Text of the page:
Is SF in *Violation* of the Raker Act?greenspun.com : LUSENET : San Francisco History : One Thread
Like many others, I have read numerous articles in the SF Bay Guardian on their claim that SF is in *violation* of the Raker Act. Is this correct? According to UCLA historian Norris Hundley, the federal government in about 1945 "proclaimed SF the official retailer of Hetch Hetchy power. In practice, nothing really changed. Technically, the city distributed the power, but it did so in name only by paying PG&E a handsome consideration for use of the company's distribution system." The Great Thirst, p. 189. Does this mean that SF is *not* in violation of the Raker Act?
-- Michael Williams (email@example.com), November 09, 1997
Your inquiry has been forwarded to me.
Norris Hundley is correct. The Bay Guardian may also be correct. Whether or not SF is in violation is a matter of judicial interpretation, and even there the record is somewhat murky.
Here is my understanding of what happens. The power enters the PG&E grid somewhere in the East Bay, at the point where the power line from Hetch Hetchy ends. (SF voters in the 1930s turned down several bond issues to extend the line to this side of the bay.) PG&E then credits the city with that amount of power for the operation of all city electrical uses, including the Muni. Any additional Hetch Hetchy power, beyond that used by the city itself, is theoretically sold to irrigation districts in the central valley. Thus, the city does not compete with PG&E as a provider of electricity to city residents, but neither is the Hetch Hetchy power sold to a private-owned utility.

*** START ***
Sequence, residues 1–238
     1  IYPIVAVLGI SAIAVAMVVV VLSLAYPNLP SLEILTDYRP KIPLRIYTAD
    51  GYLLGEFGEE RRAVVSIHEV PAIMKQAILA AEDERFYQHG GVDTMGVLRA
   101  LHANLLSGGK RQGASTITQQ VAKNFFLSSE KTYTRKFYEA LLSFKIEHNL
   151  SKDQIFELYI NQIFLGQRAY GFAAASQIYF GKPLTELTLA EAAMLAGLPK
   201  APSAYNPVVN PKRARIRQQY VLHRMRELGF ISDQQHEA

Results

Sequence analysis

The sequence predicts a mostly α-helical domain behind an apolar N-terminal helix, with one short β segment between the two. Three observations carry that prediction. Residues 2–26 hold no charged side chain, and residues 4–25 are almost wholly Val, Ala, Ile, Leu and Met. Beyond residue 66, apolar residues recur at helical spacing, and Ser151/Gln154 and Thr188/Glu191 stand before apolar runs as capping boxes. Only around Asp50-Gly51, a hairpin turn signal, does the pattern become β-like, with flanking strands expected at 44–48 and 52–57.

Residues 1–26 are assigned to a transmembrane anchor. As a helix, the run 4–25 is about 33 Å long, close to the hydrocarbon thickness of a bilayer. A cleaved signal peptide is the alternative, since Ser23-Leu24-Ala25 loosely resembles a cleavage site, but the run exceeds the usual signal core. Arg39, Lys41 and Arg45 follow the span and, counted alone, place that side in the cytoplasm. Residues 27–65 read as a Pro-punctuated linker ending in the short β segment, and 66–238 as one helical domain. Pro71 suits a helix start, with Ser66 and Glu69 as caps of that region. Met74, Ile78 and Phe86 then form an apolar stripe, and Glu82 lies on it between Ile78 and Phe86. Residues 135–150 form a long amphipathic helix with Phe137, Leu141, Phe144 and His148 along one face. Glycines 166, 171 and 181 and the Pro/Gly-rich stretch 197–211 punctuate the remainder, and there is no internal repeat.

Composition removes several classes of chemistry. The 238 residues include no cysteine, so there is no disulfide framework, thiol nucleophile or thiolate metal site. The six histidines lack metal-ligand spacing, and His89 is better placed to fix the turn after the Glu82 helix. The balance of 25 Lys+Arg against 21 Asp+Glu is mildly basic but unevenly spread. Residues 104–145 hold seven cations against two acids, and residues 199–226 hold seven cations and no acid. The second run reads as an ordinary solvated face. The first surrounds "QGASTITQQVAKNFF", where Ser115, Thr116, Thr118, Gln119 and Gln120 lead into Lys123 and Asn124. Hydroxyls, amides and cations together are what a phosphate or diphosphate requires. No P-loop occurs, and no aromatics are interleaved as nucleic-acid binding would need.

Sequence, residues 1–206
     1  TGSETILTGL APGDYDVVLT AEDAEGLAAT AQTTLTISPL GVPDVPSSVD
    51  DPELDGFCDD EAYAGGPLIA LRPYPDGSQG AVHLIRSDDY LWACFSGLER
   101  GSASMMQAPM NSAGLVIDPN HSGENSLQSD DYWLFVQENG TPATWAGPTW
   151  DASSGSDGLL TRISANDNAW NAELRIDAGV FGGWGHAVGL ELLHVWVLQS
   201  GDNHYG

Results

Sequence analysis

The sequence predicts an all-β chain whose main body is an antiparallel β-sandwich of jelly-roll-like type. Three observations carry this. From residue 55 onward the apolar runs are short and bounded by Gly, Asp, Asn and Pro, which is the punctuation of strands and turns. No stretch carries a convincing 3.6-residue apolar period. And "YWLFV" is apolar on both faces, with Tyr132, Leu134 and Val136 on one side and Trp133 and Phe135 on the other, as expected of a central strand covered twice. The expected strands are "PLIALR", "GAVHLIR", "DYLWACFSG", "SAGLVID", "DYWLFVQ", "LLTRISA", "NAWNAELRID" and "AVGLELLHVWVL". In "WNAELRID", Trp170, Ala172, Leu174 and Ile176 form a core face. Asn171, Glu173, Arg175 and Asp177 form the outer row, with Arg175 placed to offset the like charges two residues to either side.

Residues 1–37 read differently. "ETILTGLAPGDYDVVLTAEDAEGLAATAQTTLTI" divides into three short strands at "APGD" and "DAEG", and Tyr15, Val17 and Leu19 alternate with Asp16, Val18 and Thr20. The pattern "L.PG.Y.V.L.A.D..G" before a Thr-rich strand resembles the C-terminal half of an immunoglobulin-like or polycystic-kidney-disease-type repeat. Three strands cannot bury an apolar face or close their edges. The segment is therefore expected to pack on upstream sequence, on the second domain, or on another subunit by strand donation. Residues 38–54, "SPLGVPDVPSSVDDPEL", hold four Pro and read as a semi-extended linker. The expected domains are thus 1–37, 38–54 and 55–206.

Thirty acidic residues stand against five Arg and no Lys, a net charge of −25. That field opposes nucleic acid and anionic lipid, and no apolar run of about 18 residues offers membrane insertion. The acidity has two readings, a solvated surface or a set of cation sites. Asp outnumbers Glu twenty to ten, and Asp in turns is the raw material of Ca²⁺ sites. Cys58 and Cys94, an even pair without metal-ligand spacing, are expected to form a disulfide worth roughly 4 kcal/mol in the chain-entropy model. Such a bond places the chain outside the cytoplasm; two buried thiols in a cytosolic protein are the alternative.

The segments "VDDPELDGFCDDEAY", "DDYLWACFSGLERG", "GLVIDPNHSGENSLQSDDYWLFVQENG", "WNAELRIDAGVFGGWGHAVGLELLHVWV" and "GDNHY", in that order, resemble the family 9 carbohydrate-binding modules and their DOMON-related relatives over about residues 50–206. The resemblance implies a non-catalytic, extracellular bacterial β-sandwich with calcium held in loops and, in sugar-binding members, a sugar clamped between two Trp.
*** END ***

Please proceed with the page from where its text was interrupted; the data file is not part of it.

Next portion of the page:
-- Robert W. Cherny (firstname.lastname@example.org), November 26, 1997.
The Raker Bill - 1913 - This is the Raker Bill, which eventually became the Raker Act, granting the city of San Francisco the right to dam the Hetch Hetchy Valley as a reservoir, and the unfulfilled right of municipalized electricity for the city. This was the last of several Senate hearings held on this contentious issue between 1909 and 1913.
-- rp (email@example.com), November 26, 1997.